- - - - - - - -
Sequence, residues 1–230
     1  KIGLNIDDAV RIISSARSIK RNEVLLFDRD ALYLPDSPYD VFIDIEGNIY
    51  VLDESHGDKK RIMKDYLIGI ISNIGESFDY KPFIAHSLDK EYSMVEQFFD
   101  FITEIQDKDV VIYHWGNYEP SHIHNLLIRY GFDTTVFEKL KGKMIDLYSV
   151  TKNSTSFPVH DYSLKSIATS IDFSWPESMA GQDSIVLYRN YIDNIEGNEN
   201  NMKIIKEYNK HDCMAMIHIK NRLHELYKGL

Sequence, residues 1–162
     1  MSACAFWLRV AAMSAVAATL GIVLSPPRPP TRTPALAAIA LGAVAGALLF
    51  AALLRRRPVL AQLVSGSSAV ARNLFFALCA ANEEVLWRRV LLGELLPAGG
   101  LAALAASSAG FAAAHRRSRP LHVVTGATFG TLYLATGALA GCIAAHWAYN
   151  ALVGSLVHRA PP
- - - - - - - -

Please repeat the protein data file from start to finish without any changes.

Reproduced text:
Sequence, residues 1–230
     1  KIGLNIDDAV RIISSARSIK RNEVLLFDRD ALYLPDSPYD VFIDIEGNIY
    51  VLDESHGDKK RIMKDYLIGI ISNIGESFDY KPFIAHSLDK EYSMVEQFFD
   101  FITEIQDKDV VIYHWGNYEP SHIHNLLIRY GFDTTVFEKL KGKMIDLYSV
   151  TKNSTSFPVH DYSLKSIATS IDFSWPESMA GQDSIVLYRN YIDNIEGNEN
   201  NMKIIKEYNK HDCMAMIHIK NRLHELYKGL

Sequence, residues 1–162
     1  MSACAFWLRV AAMSAVAATL GIVLSPPRPP TRTPALAAIA LGAVAGALLF
    51  AALLRRRPVL AQLVSGSSAV ARNLFFALCA ANEEVLWRRV LLGELLPAGG
   101  LAALAASSAG FAAAHRRSRP LHVVTGATFG TLYLATGALA GCIAAHWAYN
   151  ALVGSLVHRA PP